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A protester dressed as, CPC robocall machine? JMacPherson

A protester dressed as an…er, CPC robocall machine?

On February 4, 2014, Minister of Democratic Reform Pierre Poilievre introduced the Fair Elections Act: an act to ensure that Canadians enjoy free, fair, and open elections.  It is an act designed to make sure that Canadians never have to suffer through another scandal-plagued election like the one we had in 2011.  And, as far as acts go, it is pretty straightforward.

The Act makes it harder to vote by requiring more pieces of identification and ending the process of vouching for someone who does not have identification.  These reforms are timely and appropriate.  It is well established that too many Canadians vote in federal elections, so this Act will do its best to reduce the number of people who can cast a ballot.

The Act also allows MPs accused of improperly reporting expenses to continue sitting and voting in the House.  The Canada Elections Act used to forbid such an MP from sitting or voting in the House until the MP fixed the improper expense claim.  But that law will stand no longer.  Instead, famous law-abiding Conservatives like Peter Penashue, Shelly Glover, and Dean Del Mastro will receive the benefit of the doubt.  And why shouldn’t they?  The Minister of Democratic Reform explained the change: “Now remember, the removal of a democratically elected MP reverses the decision of tens of thousands of voters.”  It was clear that the Minister was unsure about what the term democratically elected actually meant.  No bother, his Act will make the rules “tough, predictable, and easy to follow”, so even the most incompetent public official can’t mess up.

Screen backgrounds are the abortion caravans of the future.

Pictured: An anti-robocall strategy more effective than the Fair Elections Act.
Mike Licht

Along with limiting the Chief Electoral Officer’s role (which is by no means a retaliatory strike against an official who repeatedly bothered the Conservatives), the Act also targeted robocalls.  Rarely addressed in public circles prior to 2011, robocalls became a hot button issue when a Federal Court judge confirmed that an unknown person or group used the Conservative Party’s database during the 2011 election to target non-Conservative voters with robotic phone calls that impersonated Elections Canada, and directed voters to the wrong polling stations.  This was a systematic attempt at voter suppression, and it called for attention.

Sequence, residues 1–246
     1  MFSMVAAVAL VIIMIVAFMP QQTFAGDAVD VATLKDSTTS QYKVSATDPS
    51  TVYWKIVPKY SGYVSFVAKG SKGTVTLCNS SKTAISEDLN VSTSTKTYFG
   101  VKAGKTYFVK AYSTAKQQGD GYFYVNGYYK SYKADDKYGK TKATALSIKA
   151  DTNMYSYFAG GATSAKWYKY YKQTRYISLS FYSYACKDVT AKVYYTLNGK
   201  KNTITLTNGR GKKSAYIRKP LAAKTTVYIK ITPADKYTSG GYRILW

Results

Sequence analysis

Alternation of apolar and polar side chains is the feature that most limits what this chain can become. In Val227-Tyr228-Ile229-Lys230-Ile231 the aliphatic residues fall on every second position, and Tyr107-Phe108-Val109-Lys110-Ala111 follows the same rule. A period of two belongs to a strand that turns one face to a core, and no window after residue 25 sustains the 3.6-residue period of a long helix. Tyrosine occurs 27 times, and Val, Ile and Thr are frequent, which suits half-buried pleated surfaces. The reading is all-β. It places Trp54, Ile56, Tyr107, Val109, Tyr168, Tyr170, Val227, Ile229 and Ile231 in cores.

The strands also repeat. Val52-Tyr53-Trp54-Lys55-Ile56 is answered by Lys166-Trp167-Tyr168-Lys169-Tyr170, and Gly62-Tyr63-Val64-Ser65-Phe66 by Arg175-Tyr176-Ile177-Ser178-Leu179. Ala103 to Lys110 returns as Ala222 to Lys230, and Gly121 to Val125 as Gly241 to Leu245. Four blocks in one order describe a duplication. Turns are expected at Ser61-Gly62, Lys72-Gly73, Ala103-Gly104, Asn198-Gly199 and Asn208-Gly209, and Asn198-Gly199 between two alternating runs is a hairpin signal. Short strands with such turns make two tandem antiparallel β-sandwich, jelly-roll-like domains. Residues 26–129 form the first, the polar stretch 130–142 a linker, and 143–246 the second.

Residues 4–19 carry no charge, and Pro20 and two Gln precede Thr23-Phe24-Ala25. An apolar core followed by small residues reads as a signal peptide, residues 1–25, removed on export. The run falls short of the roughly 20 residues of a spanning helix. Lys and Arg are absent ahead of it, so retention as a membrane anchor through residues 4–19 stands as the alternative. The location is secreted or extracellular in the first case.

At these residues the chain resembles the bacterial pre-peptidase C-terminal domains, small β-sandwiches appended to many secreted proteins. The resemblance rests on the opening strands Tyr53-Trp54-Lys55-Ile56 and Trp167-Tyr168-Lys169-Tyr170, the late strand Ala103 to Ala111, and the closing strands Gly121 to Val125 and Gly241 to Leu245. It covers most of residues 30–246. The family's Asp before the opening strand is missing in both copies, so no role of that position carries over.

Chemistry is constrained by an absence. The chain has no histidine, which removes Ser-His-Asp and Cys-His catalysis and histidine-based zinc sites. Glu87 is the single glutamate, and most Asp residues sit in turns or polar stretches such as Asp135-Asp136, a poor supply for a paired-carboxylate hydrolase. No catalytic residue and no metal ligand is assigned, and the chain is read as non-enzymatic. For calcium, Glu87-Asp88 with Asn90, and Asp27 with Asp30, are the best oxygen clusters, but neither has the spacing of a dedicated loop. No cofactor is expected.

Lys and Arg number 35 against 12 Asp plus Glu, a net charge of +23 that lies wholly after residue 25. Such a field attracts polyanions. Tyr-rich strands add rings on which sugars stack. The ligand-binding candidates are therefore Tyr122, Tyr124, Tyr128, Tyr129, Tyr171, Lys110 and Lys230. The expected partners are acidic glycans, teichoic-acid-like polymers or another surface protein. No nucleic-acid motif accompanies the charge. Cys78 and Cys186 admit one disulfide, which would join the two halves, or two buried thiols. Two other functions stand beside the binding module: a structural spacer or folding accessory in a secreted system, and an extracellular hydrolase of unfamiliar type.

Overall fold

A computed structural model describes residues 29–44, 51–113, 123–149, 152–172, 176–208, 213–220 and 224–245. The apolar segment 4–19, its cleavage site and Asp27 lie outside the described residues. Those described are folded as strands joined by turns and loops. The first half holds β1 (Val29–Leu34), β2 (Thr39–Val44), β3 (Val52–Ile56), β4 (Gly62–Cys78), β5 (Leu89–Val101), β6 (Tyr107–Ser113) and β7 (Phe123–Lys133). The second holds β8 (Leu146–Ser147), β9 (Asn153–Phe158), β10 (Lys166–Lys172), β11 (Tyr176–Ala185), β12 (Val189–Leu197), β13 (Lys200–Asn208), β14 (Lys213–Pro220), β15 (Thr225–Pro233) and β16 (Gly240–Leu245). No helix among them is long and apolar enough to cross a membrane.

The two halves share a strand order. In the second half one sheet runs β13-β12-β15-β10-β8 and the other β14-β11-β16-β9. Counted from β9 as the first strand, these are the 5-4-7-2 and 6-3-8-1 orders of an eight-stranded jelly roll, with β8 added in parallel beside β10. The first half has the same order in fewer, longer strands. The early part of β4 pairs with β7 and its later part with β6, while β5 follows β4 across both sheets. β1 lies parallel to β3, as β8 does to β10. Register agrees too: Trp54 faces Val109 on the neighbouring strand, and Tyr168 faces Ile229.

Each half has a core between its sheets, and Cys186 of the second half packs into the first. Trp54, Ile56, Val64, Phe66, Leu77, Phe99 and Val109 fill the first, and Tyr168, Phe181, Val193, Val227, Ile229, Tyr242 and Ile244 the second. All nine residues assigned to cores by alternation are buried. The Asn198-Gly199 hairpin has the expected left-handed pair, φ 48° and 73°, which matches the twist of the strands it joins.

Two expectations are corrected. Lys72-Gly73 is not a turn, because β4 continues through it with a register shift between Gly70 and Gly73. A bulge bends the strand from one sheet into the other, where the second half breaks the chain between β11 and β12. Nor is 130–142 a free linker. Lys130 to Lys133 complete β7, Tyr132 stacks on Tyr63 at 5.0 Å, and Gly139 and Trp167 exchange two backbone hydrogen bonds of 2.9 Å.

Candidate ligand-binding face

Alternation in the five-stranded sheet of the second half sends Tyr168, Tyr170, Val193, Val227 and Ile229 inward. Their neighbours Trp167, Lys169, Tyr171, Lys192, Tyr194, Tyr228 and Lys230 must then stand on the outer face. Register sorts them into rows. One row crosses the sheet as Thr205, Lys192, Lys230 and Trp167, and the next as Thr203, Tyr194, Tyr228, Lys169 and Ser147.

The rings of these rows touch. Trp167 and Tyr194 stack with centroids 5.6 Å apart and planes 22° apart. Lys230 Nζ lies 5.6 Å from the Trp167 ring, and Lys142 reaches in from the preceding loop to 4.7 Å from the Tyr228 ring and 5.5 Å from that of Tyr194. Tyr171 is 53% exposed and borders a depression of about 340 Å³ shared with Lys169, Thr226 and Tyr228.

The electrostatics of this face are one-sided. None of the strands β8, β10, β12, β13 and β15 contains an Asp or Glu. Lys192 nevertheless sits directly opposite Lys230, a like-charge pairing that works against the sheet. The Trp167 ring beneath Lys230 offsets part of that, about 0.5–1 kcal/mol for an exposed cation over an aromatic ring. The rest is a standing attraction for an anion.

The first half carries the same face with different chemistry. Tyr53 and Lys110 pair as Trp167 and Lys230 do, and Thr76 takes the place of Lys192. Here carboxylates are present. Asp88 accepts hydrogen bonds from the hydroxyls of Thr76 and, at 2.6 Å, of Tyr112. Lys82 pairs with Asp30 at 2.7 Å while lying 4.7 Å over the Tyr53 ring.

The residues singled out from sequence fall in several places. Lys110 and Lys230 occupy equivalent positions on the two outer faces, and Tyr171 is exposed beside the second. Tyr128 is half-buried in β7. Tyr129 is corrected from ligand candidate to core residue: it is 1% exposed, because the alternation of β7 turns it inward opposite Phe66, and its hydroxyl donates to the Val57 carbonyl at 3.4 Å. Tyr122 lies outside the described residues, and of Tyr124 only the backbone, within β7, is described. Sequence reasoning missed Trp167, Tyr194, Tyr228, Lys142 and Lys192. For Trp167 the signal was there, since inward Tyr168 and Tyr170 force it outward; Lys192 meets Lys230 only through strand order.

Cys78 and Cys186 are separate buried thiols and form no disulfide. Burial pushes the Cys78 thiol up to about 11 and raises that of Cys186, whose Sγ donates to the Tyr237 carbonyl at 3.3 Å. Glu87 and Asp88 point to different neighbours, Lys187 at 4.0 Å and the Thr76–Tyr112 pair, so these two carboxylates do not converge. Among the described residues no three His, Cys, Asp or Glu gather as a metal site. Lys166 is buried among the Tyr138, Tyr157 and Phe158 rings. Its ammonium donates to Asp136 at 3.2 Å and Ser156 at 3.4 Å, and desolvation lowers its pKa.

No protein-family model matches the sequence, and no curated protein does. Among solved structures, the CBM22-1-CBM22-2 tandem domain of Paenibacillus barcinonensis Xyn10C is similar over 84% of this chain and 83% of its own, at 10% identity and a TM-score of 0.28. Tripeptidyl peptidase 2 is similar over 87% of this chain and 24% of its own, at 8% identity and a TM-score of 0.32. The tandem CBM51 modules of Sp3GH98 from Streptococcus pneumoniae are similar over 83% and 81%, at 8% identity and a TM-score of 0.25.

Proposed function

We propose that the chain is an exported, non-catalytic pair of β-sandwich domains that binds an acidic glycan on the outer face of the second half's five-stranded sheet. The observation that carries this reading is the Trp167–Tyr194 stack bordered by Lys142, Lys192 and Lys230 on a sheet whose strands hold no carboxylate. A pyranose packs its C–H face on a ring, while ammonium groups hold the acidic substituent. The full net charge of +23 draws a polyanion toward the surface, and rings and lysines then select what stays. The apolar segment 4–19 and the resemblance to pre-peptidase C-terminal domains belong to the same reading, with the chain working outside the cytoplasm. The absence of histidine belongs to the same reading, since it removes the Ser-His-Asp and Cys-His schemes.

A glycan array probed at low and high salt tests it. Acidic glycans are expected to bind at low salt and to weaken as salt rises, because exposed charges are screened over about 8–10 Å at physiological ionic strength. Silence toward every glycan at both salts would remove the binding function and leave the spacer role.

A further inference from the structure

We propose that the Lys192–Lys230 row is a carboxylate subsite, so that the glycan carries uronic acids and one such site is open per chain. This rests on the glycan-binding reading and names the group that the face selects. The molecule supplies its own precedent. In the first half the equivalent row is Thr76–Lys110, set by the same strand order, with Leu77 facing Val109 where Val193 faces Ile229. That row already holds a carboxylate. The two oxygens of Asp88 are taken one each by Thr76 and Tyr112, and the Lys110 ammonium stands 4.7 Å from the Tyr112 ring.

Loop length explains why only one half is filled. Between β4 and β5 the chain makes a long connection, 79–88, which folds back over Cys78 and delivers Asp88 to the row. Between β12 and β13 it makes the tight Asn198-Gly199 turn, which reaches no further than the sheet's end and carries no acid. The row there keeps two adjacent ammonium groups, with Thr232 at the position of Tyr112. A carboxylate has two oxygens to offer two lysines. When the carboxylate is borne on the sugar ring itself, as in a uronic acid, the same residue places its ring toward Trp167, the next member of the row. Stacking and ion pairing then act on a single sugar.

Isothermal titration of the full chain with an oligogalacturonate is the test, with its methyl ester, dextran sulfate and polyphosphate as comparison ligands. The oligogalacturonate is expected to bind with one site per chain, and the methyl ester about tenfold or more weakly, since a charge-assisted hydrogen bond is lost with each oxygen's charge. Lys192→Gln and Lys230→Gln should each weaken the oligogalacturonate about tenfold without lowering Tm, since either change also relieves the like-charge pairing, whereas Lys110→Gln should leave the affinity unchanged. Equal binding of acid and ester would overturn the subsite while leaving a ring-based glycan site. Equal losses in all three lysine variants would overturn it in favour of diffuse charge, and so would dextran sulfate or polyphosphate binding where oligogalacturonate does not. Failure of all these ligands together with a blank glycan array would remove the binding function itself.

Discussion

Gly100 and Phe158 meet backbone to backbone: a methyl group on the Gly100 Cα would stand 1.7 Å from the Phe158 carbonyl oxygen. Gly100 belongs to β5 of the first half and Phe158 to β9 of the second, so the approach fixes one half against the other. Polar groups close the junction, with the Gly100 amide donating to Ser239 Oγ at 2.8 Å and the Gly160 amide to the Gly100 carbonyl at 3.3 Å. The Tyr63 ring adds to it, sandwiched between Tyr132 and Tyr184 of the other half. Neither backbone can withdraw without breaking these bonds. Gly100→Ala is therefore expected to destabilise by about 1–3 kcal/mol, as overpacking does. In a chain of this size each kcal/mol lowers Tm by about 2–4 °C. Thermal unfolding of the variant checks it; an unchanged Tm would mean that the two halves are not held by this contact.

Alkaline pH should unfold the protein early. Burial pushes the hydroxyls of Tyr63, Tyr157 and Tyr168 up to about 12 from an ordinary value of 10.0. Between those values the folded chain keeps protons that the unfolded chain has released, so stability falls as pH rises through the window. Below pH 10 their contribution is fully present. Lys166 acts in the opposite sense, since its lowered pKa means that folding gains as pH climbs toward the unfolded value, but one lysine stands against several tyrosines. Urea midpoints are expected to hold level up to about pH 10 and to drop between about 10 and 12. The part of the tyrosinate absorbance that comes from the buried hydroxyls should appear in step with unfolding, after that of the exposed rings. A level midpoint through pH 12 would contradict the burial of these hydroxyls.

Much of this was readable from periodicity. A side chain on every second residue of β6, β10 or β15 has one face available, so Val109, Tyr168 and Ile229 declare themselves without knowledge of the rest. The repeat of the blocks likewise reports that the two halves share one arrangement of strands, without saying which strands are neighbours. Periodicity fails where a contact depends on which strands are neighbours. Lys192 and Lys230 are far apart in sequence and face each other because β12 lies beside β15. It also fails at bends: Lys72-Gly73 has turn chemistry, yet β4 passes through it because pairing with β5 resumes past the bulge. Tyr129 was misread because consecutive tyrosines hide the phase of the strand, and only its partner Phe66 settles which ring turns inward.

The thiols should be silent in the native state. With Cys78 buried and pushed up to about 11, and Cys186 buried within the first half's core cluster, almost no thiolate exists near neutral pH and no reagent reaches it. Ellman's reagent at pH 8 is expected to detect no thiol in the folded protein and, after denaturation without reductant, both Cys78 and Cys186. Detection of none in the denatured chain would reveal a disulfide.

The Conservatives heard the call, and responded with concrete action.  The Act establishes a robocalls registry for all automated calls made by political parties.  Furthermore, it requires that all parties submit a recording of each of their calls to the registry.  This is the perfect response.  In 2011, the unknown offenders, not officially tied to a political party, were able to hide behind a cloak of anonymity…but no more!  Now the long, flabby arm of the law will somehow force them to declare themselves to the authorities.  No need for further discussion on this front – problem solved.

This underlines the Conservative tradition of effective problem-solving.  Those unfamiliar with parliamentary history may not be aware that the registry is a long cherished Conservative technique for dealing with crime.  As Ryan Leef, Conservative MP for Yukon, said of the long gun registry in February 2012: “Frankly, for the last 17 years, not one person has convinced me that the long gun registry has ever stopped a single crime or saved a single life.”  Speaking about how criminals view the registry, Leef said, “They enjoy the freedom to operate outside of the law and have all the rights and protections of the law.”  He concluded in the House that the long gun registry was “a database that did nothing”.  In this regard, the Conservatives deserve credit for sticking to their guns with the Fair Elections Act.  The robocalls registry will do exactly what they want it to do: nothing.

This government deserves an excessively firm pat on the back.  It does what no government before it has had the stones to do.  It approaches a serious issue with a half-baked plan to decrease voter turnout, keeps its law-breaking MPs in office, and creates a database to store the robocalls that parties pledge not to use on election day.  It is action where it hurts and inaction where it counts.  That’s what we get from the guy we elected who now serves as Minister of Democratic Reform.  Come on, even famous Canadian softballer Evan Solomon made him look silly on Power and Politics. Well played Mr. Harper, well played.


Update March 4th: Dipper David Christopherson spent the day filibustering the Fair Elections Act.